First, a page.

- DLR flies three-stage sounding rocket for the first time.
- Component structures, measurement methods and evaluation algorithms tested for the re-entry phase.
- A modular and distributed data acquisition system allowed the efficient recording of data from the different experiments.
- Focus: space travel, aerodynamics, sounding rockets.
ANDOYA, Norway (DLR PR) — Reusable carrier systems are exposed to high loads and temperatures when returning to the surface. The German Aerospace Center (DLR) has now successfully tested component structures, measurement methods and evaluation algorithms for the re-entry phase with the flight experiment STORT (key technologies for high-energy return flights from carrier stages).
In the early morning of June 26, 2022, the three-stage rocket experiment was launched from the Andøya Space launch site in northern Norway. At the apex of the trajectory at an altitude of 38 kilometers, the upper stage reached a flight speed of around 9,000 kilometers per hour, which corresponds to a Mach number of over eight. It then fell into the Atlantic Ocean more than 350 kilometers from the starting point.
“In order to achieve higher flight speeds, we used a DLR sounding rocket with three instead of two rocket stages for the first time,” explains Dorian Hargarten from the DLR Institute of Space Operations and Astronaut Training . “In addition, the third stage with the various scientific payloads flew a particularly flat trajectory at an altitude of 38 kilometers at Mach numbers of up to eight. Here – analogous to the heat development when re-entering the earth’s atmosphere – various high-temperature experiments were carried out at the high heat loads to be investigated.”
Testing ceramic segments and slats
Materials that withstand the high thermal loads and dissipate them are crucial for the heat development in the re-entry phase. Robust heat sensors that keep a close eye on the temperature development are also essential.
“In STORT, the pre-body of the third rocket stage consists of five ceramic segments,” explains the leader of the STORT project, Prof. Ali Gülhan from the DLR Institute of Aerodynamics and Flow Technology . “We have equipped the pre-body with numerous heat flow sensors, thermocouples and pressure sensors every 90 degrees along the four longitudinal lines and are now very excited about the data analysis.”
To carry out the thermal management experiments, the researchers used three fixed canards with ceramic outer shells on the rocket, which were developed by the DLR Institute of Structures. While one canard was actively cooled, the second canard was passively cooled. The third reference canard (without cooling) was also used to study the impact-boundary layer interaction. All three canards showed different structural responses in flight under the same heat load.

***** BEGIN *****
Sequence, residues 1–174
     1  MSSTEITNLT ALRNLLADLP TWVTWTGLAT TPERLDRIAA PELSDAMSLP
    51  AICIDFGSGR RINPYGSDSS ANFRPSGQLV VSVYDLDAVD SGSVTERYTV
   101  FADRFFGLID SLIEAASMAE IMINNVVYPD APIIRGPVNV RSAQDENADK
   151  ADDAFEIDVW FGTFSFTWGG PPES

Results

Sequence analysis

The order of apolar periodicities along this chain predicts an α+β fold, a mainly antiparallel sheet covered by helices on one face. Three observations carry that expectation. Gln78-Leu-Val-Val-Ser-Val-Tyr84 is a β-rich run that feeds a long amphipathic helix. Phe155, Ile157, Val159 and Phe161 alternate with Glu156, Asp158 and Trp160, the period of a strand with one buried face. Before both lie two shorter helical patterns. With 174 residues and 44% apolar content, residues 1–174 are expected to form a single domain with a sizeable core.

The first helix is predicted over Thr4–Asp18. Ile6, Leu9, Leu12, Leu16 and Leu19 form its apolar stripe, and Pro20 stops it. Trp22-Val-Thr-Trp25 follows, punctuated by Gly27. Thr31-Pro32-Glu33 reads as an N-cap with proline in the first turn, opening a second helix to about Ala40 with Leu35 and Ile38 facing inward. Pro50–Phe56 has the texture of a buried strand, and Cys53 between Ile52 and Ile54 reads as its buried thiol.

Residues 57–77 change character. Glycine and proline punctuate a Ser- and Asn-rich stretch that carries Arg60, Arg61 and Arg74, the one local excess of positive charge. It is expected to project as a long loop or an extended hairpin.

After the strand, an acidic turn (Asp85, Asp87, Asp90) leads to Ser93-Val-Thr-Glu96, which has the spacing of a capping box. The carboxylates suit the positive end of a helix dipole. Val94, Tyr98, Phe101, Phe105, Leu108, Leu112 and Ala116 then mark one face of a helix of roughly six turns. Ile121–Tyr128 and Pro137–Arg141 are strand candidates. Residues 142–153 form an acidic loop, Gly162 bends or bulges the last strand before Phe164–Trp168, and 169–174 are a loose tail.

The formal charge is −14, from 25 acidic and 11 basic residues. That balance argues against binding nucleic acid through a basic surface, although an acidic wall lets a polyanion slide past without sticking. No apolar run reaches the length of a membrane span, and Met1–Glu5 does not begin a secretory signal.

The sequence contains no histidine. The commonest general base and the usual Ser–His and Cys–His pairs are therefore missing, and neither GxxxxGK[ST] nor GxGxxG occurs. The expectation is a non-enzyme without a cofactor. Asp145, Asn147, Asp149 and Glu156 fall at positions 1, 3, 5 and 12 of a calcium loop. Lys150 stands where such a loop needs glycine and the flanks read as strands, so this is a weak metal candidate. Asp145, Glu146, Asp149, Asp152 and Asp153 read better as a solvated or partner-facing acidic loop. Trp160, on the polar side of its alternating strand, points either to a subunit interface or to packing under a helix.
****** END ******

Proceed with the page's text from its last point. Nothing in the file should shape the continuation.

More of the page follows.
A modular and distributed data acquisition system allowed the efficient recording of data from the different experiments. In the previous ATEK project, a standard module made of aluminum alloys was replaced by a hybrid module consisting of a CFRP structure with metal flanges to reduce the weight of the cylindrical payload segments. In the STORT project, the researchers are now testing a significantly lighter module made entirely of CFRP [carbon-fiber-reinforced polymers].
Next to the DLR is the Technical University of Munich involved in the STORT flight experiment by manufacturing the CFRP module. Another international partner is the University of Arizona, which performed simulations for the experiment ‘Impact-Boundary Layer Interaction’ on the canard. The planning and execution of the mission was the responsibility of the Mobile Rocket Base (MORABA) department of the DLR Institute of Space Operations and Astronaut Training.
The preliminary body was designed and manufactured by the DLR Institute for Construction Methods and Structure Technology. The DLR Institute of Aerodynamics and Flow Technology, which is also responsible for the project management, contributed aerothermal design, active thermal management, instrumentation of the payloads and their modular data acquisition.
About the STORT project
The flight experiment, which has now been successfully carried out, is an element of the STORT research project. The project is part of the DLR sub-program focus ‘Reusable space transport systems’. It aims to develop selected technologies and methods with regard to thermomechanical analysis and evaluation of carrier systems. For this purpose, the component structures, measurement methods and evaluation algorithms, which were developed in basic investigations, are adapted for a flight experiment and finally qualified with the flight. In addition to the ground experiments, the flight data provide validation data for physical modelling, numerical simulations and system analysis, thereby enabling a reliable design and evaluation of future carrier systems.